Imagine a place where you could feel safe, a haven from the stresses of the outside world, a nurturing environment where you learn to thrive even when the odds are not in your favor. This is how retired educator Barbara Whitney described the campus of the Mary McLeod Bethune School, an all-black grammar and high school built in Inman during the separate-but-equal era of South Carolina's history. For sixteen years, the Bethune School did more than educate students: it created strong, resilient citizens who remained connected through a sense of place and moved forward together toward a brighter future. This August, 300 alumni held an all-school reunion, the first since 1990, and even though the building no longer bears the name of the famous civil rights leader and educator for whom it was christened, the memories still remain.
The only school for blacks in Inman before 1953 was the Ben Bomar School on Blackstock Road. The Bethune School emerged from Governor James Byrnes' attempts to support segregation by building more schools for blacks; his intention to separate only resulted in bringing the black community closer together. From its opening until its closing in 1969, the school had one principal, L.L. Shannon, and the devoted teachers became a second family for the students. Ruth Tinsley, class of 1965, remembered her teachers warmly. She said they were "very interested in their students and taught us manners." Tinsley was a teenage school bus driver; bus routes included Inman, Landrum, Campobello, New Prospect, and Gramling. When Federal mandates required black students to be absorbed into the all-white Chapman High School, students opted to remain one final year through a "Freedom of Choice" program of integration. Residents lost their battle to keep the building as a community center, and the Bethune School was sold.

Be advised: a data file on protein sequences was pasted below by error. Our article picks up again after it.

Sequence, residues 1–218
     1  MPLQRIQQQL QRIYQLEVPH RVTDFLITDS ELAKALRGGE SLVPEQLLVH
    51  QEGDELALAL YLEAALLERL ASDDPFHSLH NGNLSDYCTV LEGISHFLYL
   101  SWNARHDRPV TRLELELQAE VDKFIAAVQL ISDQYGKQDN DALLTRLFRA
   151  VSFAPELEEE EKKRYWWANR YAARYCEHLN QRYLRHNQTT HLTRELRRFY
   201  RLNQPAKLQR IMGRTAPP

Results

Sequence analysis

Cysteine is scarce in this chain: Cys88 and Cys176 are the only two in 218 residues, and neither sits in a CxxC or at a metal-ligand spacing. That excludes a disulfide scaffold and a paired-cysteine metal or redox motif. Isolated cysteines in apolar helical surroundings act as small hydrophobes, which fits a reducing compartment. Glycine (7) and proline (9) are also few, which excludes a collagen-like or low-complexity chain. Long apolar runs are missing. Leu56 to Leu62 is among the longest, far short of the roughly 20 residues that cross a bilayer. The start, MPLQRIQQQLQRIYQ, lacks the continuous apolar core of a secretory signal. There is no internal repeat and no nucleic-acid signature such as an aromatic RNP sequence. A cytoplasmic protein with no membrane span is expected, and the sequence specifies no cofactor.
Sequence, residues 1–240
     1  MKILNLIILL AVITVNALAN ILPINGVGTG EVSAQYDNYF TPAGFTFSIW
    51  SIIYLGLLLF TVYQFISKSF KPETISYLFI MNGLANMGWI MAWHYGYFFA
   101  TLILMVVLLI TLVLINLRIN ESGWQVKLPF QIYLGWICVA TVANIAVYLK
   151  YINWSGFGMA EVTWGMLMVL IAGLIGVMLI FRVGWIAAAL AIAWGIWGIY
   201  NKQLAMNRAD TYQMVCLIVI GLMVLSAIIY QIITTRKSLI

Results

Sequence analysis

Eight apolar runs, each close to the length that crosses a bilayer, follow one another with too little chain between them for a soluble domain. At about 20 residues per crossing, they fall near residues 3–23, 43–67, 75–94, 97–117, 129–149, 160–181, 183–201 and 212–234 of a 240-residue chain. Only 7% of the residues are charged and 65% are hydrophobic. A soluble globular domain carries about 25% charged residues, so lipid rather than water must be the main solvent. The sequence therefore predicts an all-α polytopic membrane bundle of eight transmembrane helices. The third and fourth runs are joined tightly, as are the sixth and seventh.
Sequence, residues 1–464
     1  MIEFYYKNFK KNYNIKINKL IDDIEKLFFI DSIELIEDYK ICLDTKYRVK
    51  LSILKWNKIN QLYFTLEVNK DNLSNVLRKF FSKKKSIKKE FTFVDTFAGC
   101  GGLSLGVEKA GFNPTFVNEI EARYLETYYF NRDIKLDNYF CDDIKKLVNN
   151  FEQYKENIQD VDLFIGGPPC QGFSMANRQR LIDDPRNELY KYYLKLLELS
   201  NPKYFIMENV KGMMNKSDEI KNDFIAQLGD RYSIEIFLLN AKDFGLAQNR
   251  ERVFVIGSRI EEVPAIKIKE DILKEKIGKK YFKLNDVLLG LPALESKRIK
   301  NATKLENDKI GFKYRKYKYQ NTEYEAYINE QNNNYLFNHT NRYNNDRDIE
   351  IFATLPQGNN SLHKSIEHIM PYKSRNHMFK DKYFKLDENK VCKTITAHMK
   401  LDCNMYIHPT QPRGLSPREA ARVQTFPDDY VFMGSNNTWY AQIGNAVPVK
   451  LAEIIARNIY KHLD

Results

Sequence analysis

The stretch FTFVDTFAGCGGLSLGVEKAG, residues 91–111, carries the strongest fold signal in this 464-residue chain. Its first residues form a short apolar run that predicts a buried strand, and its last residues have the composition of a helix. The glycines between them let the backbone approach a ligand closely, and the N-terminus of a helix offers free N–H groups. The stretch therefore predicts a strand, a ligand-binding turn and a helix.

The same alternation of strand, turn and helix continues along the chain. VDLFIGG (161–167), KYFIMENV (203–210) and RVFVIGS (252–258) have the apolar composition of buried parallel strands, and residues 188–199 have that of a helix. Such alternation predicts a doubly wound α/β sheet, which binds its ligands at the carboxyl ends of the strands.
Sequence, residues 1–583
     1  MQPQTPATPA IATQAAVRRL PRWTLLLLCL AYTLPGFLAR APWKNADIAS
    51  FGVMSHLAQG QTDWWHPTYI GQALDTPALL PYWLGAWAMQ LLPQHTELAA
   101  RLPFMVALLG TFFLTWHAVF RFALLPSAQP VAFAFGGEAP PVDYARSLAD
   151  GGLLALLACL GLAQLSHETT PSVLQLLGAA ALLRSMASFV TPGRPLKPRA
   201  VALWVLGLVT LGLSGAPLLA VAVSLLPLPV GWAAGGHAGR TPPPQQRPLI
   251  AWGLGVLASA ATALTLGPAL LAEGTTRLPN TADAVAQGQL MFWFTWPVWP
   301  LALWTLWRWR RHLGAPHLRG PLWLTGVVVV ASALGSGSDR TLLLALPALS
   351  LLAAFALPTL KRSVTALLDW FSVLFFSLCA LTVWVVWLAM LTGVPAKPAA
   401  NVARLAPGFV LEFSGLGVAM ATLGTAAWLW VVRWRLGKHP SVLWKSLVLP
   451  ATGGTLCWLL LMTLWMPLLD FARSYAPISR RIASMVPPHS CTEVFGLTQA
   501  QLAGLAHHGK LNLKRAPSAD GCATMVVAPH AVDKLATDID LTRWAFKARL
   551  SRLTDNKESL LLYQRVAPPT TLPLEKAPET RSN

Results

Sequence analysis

This year's reunion began with a get acquainted night at Chapman High School on Friday August 22, a banquet at the Marriott on the 23rd and ended with a service at Zion Hill Baptist Church on Sunday August 24th. On Saturday, a group photo taken in front of the old school site, now Ed Perry's Auto Parts, was followed by a parade and a ceremony at City Hall. A proclamation from Mayor Cornelius Huff honoring the school was presented to co-organizer of the reunion, Melvin Fowler. Barbara Whitney inspired everyone with a speech in which she said: "The physical building, that we so proudly called 'Mary McLeod Bethune' may have been taken from us, but they can never erase the memories of all the good that was done in 'that place.' "
Resiliency and a strong sense of place are qualities that are shared by many residents, but these traits are only part of the reason that Inman is still standing while other communities fade into ghost towns; the diversity of the community also plays a key role. By reflecting on the past and drawing upon its strengths, all of the citizens of Inman can work together to create a more positive future.